For most of us, pet adoption comes with a lifelong commitment to care for our pet for the remainder of its life. Pet owners connect with their pets in psychological, spiritual, and emotional ways that reflect a profound bond of loyalty and responsibility. (1) Many pet owners consider their pets to be family members and feel a sense of obligation to their pet's well-being in ways comparable to that of parents to their children. (2) However, pets are not children. Instead, under the law, they are personal property that may be bought, sold, or given away for no economic value at all. Regardless of how these animals come into our lives, they find a direct path to our couches and our hearts, and they stay there even after our human relationships may disintegrate. That's where the problem begins for pet owners who are ending their marriage. How should courts treat the family pet in divorce? Are they just personal property, or are they personal property and something more? In this article, we explore the various approaches courts have taken to the treatment of pets in divorce disputes.
Equitable Distribution Generally
Florida law classifies pets as personal property (3) and, as such, they are presumptively subject to equitable distribution in divorce. (4) As set forth in F.S. Ch. 61, equitable distribution is the legal process of identifying, valuing, and distributing marital assets and liabilities acquired during the parties' marriage. (5) Marital property generally includes all property acquired through marital efforts during the marriage, including interspousal gifts, such as pets. (6) Equitable distribution is frequently referred to as a "math problem" in which the court determines the economic value of the marital estate and then divides that estate between the parties in what should be an equal or fair scheme of distribution. (7) Through this winding-down process, each party receives their respective property and is otherwise returned to the status of being single. (8) Unlike child custody decrees, courts do not retain post-divorce jurisdiction beyond enforcement of equitable distribution orders; the process is designed to provide finality. (9) The statutory provisions of Ch. 61 do not specifically address pets as property in divorce and provide no direct guidance on how trial courts should resolve these disputes. This leaves important questions relating to pet valuation and distribution unanswered in Florida, not to mention the additional stress these legal ambiguities create for divorcing parties concerned about the well-being of their pets post-divorce.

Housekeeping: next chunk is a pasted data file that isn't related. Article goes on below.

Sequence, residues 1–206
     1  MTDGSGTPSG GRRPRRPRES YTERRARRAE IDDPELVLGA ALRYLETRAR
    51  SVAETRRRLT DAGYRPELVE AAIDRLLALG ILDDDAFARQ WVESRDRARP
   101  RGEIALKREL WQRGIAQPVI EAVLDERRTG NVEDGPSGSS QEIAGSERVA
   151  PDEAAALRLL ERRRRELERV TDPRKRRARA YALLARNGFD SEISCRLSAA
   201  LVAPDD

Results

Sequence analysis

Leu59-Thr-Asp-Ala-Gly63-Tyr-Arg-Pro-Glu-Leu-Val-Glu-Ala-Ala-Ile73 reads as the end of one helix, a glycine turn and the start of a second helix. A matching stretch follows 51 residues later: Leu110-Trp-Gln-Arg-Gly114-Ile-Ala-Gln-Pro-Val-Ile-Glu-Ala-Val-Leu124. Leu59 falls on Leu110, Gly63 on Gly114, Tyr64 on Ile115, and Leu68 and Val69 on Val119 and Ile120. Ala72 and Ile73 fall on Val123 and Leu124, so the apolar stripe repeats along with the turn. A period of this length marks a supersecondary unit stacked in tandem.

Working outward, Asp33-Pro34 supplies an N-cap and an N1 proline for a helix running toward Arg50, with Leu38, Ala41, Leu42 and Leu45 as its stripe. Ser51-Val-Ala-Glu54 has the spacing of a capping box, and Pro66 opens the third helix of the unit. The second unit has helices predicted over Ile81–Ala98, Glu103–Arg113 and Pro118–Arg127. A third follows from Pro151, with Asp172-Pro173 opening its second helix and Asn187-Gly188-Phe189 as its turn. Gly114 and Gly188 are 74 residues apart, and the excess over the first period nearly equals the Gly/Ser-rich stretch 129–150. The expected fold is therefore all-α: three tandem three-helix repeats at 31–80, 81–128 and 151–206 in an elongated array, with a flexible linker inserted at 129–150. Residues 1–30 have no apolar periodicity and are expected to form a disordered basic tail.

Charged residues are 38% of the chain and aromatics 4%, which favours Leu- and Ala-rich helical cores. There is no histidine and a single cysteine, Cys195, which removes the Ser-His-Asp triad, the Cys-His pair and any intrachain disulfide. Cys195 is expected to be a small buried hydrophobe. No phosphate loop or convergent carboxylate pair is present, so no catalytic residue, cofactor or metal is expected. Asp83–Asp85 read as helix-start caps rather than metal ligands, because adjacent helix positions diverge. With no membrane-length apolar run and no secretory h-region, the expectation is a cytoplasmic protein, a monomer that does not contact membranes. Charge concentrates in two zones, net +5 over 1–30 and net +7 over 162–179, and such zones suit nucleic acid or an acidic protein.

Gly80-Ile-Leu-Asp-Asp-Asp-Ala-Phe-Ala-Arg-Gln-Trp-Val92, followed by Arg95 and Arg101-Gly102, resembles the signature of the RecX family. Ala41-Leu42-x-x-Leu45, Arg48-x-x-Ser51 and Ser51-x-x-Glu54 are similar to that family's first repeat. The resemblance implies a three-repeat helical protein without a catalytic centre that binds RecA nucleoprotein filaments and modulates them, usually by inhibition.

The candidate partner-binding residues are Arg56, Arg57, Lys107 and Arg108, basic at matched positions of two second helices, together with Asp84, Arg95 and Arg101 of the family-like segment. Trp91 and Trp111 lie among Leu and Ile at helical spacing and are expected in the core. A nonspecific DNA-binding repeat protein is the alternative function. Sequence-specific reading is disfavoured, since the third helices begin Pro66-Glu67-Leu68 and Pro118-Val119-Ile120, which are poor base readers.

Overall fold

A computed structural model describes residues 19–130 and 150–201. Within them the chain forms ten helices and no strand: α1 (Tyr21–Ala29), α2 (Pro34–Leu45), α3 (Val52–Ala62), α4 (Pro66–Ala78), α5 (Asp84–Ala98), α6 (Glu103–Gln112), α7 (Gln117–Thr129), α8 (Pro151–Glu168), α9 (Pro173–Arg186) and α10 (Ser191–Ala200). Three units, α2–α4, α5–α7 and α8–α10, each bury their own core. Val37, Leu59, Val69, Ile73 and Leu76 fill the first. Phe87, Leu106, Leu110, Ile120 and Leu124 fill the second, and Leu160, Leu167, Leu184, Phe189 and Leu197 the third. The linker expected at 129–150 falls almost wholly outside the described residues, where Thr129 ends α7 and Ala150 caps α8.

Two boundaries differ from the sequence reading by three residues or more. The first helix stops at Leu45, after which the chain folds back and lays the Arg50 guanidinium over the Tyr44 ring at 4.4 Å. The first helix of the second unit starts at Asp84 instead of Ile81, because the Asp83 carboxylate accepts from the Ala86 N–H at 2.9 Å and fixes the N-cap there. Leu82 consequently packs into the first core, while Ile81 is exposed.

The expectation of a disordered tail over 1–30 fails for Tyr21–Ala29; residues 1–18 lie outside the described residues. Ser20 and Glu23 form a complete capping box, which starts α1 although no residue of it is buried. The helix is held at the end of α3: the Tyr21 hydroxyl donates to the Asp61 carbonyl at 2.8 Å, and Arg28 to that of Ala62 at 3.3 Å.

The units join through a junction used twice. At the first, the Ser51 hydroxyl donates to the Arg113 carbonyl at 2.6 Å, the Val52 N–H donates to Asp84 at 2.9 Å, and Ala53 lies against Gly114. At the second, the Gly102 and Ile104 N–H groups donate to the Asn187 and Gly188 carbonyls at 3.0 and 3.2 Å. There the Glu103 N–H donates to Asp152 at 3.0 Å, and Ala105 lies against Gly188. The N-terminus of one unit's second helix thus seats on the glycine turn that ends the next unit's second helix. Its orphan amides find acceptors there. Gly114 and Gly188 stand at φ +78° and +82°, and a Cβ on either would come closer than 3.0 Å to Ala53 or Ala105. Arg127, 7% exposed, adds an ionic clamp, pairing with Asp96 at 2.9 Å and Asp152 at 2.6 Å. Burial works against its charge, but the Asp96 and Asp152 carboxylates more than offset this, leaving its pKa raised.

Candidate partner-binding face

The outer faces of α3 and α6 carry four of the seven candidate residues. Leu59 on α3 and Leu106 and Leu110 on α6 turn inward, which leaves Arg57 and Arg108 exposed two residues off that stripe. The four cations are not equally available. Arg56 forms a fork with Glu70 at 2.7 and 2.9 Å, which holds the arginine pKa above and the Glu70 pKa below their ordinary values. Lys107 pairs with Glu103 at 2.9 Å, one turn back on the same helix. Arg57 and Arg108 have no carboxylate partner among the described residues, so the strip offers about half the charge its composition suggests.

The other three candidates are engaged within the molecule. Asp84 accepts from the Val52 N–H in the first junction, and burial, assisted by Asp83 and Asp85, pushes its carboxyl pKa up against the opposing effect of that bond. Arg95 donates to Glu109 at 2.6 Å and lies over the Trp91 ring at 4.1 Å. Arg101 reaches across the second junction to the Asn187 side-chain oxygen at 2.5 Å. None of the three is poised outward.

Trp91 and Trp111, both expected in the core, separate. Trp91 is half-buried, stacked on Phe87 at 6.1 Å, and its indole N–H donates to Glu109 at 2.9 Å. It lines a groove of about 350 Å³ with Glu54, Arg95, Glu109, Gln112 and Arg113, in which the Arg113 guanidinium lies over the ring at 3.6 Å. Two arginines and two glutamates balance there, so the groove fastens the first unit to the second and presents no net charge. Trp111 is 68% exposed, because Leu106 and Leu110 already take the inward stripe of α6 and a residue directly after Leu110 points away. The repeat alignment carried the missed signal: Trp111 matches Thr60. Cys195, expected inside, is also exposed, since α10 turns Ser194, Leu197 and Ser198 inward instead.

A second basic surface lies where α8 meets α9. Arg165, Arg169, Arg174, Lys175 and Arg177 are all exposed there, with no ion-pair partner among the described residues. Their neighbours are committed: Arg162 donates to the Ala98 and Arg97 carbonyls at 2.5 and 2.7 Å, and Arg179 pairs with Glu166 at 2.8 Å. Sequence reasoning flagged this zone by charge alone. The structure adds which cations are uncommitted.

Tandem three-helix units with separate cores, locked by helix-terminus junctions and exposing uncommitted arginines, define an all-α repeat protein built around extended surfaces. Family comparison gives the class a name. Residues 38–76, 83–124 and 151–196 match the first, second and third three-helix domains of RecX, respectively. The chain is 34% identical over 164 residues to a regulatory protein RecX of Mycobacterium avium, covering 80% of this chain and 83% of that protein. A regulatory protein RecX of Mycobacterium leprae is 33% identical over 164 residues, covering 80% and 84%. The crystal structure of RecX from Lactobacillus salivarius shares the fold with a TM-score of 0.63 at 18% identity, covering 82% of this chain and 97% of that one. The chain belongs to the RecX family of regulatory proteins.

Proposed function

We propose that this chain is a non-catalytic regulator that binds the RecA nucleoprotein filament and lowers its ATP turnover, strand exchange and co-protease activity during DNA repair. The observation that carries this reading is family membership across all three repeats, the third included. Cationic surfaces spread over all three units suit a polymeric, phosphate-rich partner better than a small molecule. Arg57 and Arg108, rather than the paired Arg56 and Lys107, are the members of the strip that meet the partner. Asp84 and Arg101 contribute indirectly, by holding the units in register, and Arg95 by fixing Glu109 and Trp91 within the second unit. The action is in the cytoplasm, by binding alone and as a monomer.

U.S. courts have been inconsistent in their treatment of pets in divorce, but three identifiable patterns appear to have emerged in equitable distribution practices: the personal property approach; the personal property plus approach; and a best-interest analysis. These approaches exist on a spectrum of personal property rights in which pets receive varying degrees of legal protections in the context of equitable distribution. At one end of the spectrum, pets are homogenous like other home furnishings. (10) They are personal property no different from a lamp or table and, thus, not entitled to any specific consideration beyond their economic value. At the opposite end of the spectrum, pets receive specific consideration in regard to their best interests, which may include court-sanctioned visitation, contact, and access post-divorce. (11) The middle ground recognizes pets as personal property but also takes into consideration that pets are unique living creatures whose emotional attachments with their owners run in both directions, and that these emotional connections between owners and their pets have given rise to special concerns for their well-being and humane treatment. (12) Each approach is discussed below.
At the traditional end of the spectrum, the majority of jurisdictions embrace a "personal property" analysis in which the family pet receives no specialized treatment or consideration. (13) While "personal property" is not used here as a pejorative term, it does limit the court's legal analysis in divorce. (14) Marital pets are assigned an economic value based on the animal's fair market value, which may include factors such as the animal's pedigree, value of its littermates, or even its replacement value. (15) When there is limited or no economic value at stake, the pet's fate may simply be left to the spouse in possession of the animal when the parties separate. (16) The fair market value approach removes the complex analysis of factors, such as love, devotion, and best interests in favor of a relatively simplistic approach to economic valuation. The grand irony is that "some pets may have no...